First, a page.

Let $(X, \mathcal{T}_X)$ and $(Y, \mathcal{T}_Y)$ be topological spaces, $Z = X \times Y$, $\mathcal{T}_Z$ be the product topology on $Z$, $f : Z \to X$ be defined by $f(x, y) = x$, and $C \subset Z$ be compact and locally connected. Is $f[C]$ locally connected?


A space $(Z, \mathcal{T}_Z)$, where $\mathcal{T}_Z$ is a topology on $Z$, is locally connected, if for each $z \in U \in \mathcal{T}_Z$ there exists a connected $V \in \mathcal{T}_Z$ such that $z \in V \subseteq U$.

Locally connected subset whose image is not locally connected

The following shows that some restrictions are necessary for the subset $C$. Let $X = Y = \mathbb{R}$, and $Z' = \{(0, 1)\} \cup \{(1/n, 0) : n \in \mathbb{N}^{> 0}\}$. Then $Z'$ is locally connected, but not compact, and $f[Z'] = \{0\} \cup \{1/n : n \in \mathbb{N}^{> 0}\}$ is not locally connected.

Holds when $f\restriction C$ is a quotient map

Suppose $f\restriction C$ is a quotient map. Quotient maps preserve local connectedness. Therefore $f[C]$ is locally connected.

This question provides conditions for $f\restriction C$ being a quotient map. However, as shown there, $f\restriction C$ is not always a quotient map.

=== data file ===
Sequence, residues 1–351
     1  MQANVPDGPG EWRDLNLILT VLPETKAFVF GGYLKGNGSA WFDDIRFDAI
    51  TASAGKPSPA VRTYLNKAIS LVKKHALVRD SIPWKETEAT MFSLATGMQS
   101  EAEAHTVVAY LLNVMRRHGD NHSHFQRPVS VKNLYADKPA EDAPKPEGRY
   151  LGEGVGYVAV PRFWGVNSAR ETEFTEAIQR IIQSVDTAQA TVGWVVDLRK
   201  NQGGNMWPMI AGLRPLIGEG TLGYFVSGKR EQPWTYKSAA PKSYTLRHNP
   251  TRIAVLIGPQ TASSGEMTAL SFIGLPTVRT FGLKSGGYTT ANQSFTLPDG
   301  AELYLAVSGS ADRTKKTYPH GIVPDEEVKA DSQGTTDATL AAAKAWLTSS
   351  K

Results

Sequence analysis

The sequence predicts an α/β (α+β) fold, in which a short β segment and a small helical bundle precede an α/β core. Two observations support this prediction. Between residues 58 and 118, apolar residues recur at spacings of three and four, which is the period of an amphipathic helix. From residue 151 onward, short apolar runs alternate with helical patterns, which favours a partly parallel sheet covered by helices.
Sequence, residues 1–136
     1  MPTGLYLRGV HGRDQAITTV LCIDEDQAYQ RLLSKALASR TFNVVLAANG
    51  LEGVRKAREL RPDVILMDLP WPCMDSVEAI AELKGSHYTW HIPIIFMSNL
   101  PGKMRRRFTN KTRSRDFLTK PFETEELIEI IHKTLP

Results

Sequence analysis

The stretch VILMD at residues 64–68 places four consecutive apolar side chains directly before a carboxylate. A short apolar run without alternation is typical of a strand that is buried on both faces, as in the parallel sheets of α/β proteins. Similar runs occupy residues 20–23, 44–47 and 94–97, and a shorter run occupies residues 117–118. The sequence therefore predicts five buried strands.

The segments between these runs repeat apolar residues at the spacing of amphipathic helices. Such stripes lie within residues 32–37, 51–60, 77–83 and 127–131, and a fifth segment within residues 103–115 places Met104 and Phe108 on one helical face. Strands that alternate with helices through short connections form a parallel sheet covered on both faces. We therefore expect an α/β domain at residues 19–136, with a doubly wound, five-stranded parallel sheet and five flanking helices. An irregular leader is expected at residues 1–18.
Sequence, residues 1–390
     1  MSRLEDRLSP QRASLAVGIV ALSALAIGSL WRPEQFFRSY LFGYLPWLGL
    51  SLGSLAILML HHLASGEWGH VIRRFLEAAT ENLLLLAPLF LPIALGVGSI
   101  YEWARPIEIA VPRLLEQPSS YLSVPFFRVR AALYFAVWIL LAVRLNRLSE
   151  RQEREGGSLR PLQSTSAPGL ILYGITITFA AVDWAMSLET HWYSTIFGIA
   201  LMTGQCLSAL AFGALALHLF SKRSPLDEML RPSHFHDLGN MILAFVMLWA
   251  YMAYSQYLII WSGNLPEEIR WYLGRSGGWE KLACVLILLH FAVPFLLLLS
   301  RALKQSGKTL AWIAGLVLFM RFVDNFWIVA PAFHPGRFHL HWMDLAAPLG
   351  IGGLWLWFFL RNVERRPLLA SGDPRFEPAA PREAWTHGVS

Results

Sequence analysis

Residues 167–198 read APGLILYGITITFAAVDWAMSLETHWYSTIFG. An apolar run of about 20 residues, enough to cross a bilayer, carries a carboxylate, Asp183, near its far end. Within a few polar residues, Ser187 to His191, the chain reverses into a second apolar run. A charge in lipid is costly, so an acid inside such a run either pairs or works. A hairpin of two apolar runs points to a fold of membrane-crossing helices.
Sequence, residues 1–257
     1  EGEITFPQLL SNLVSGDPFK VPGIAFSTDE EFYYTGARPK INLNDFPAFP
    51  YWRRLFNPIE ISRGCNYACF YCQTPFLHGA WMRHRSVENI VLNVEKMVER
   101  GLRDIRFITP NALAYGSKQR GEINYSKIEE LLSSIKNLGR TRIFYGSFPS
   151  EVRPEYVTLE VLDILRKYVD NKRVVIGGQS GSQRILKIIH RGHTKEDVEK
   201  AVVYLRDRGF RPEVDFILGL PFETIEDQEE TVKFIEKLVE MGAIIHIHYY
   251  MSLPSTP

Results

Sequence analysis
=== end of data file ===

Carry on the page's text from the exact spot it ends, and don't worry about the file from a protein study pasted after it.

Non-quotient strategy

There exist maps which are continuous, surjective, and preserve local connectedness, but are not quotient; in the linked example $X$ and $Y$ are both locally connected. If the claim does hold, then a general solution to this problem may need a stronger theorem for preservation of locally connectivity which includes these maps.

Edit: Since there were no answers, I asked this question also in Mathoverflow:


  • $\begingroup$ More interesting than I first thought. If the claim does hold, it must be somehow because we are dealing with the restriction of a projection. If $X$ is KC (e.g. Hausdorff) the claim indeed holds by the closed-map implies quotient map argument. $\endgroup$ Jan 4 at 17:28
  • $\begingroup$ Yes. The first thought is to restrict the projection, but that does not work in general for quotient maps or open maps. So I'm thinking perhaps there is some sneaky way, or perhaps there is a more general class of mappings which preserve local connectedness and which allow the restriction. What is KC? $\endgroup$
    – kaba
    Jan 4 at 17:32
  • 1
    $\begingroup$ A space $X$ is called KC if all compact subsets of $X$ are closed in $X$. It's an obscure separation axiom strictly between $T_1$ and $T_2$. $\endgroup$ Jan 4 at 17:37
  • $\begingroup$ @kaba so by "compact" you mean "compact Hausdorff"? Because your claim in "holds when $X$ is Hausdorff" requires $C$ to be Hausdorff as well. Otherwise there is a counterexample I think. $\endgroup$
    – freakish
    Jan 5 at 8:35
  • $\begingroup$ No, there is no Hausdorff requirement for $C$; the claim works without it. $\endgroup$
    – kaba
    Jan 5 at 8:36

1 Answer 1


The question was answered in the negative by user "Taras Banakh" at Mathoverflow:



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